High stakes, crazy stunts and international ambitions mark the making of 'Tom Yum Goong', the big-budget sequel to hit 'Ong-Bak'. Real.time visited the set in Australia for an inside look
Bangkok Post, Story by KONG RITHDEE
It is hot. So #### hot. So hot the thick water of Sydney's Darling Harbour gives off an invisible vapour of heat, much to the delight of sun-crazed Australians strolling along this lively waterfront. But for the film crew heat is a nuisance they have no choice but to deal with. Sweating buckets, they're racing to shoot as many cuts as possible before the deadline of 5pm, when they're compelled by restrictions to evacuate the harbour's Pyrmont Bridge and clear out of this picturesque pedestrian walkway.
Heat aside, Prachya Pinkaew is carping about Aussie bugs. "These buzzing flies!" frets the chubby director. "Have they got to you too? In broad daylight, man. And why are there so many of them?!"
Matching the number of pestilential Aussie flies is the number of Thai journalists invited by Sahamongkol Film to visit the location shooting of its new flagship movie, called Tom Yum Goong _ aka the sequel to Ong-Bak: Muay Thai Warrior, the Siamese martial arts smash hit that invaded foreign theatres with the zing of a Viagrated koala bear. To make sure everyone in this country knows they'd spare no expense to repeat that success, Sahamongkol Film flew 60 journalists to Sydney, treating us to oily Chinese food and comfy city tours. It's the largest press junket I've ever joined in my life. So many of us _ and fatefully an equal number of male and female participants _ I'm convinced we all can just settle down and found some new Thai village somewhere in the Outback, raise ostriches and breed film journalists to export to other parts of Australia.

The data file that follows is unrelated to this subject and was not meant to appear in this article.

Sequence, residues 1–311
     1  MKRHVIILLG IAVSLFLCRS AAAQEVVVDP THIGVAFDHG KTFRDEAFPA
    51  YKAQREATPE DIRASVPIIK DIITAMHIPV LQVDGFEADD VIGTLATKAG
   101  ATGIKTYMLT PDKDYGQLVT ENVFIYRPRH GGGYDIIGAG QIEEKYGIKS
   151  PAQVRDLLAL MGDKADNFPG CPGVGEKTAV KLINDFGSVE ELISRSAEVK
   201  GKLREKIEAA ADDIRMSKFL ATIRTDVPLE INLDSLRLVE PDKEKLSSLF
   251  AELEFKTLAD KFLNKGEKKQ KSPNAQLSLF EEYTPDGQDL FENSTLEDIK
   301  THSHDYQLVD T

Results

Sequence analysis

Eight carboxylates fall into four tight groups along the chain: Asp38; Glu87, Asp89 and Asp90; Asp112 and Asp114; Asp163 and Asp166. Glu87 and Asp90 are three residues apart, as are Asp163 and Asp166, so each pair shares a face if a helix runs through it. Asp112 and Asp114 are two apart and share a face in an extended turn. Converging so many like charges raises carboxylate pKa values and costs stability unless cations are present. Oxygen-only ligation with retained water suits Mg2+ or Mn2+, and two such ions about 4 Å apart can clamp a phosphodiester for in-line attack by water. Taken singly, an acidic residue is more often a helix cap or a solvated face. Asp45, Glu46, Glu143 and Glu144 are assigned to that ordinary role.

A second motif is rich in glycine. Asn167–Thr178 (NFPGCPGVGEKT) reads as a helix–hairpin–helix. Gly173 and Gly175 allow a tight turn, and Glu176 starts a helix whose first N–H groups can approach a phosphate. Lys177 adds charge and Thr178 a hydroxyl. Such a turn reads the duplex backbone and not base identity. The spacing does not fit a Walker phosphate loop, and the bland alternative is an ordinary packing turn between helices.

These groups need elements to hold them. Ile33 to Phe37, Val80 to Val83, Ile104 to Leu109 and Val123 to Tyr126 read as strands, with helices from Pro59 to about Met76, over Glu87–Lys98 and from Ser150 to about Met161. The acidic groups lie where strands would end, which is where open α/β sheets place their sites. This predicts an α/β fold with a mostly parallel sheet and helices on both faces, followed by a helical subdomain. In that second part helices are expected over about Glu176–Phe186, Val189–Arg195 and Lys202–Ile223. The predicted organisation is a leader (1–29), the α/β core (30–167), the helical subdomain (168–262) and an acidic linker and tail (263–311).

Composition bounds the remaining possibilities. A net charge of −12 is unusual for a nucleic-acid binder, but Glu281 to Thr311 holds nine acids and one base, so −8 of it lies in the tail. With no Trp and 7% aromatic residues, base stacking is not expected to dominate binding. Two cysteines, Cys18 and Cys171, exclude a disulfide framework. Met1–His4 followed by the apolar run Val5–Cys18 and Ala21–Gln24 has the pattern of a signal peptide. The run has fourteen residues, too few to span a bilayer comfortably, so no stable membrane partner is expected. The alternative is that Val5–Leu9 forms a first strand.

Just the thought of the throat-slashing heat and those darn flies advise me against the idea.
"We want to show that a Thai film can be made with an international standard, with international locations and crew," beams Sahamongkol's big boss Somsak Techaratanaprasert. "With the blockbuster success of Ong-Bak overseas, we hope to push it up to the next level."
That level means a 200-million-baht budget, making Tom Yum Goong the second most expensive Thai film ever after Suriyothai. The next level also means 90 percent of the shooting will take place in Sydney, with the backdrop varying from the trendy Cockle Bay to Chinatown to the signature Harbour Bridge. Australian crew, required by the Aussie law, shuffle about along with the Thai ones. Foreign cast, though their names are not entirely familiar, include the two-metre-tall giant Nathan Jones, a wrestling star, and the hunkish Johnny Nyuyen, an LA-born stuntman who arrives with a unique reputation: he was the stunt double for Toby McGuire in the Spider-man movies, the one who performed all those tricky physical shots with his face hidden under the cobwebbed mask.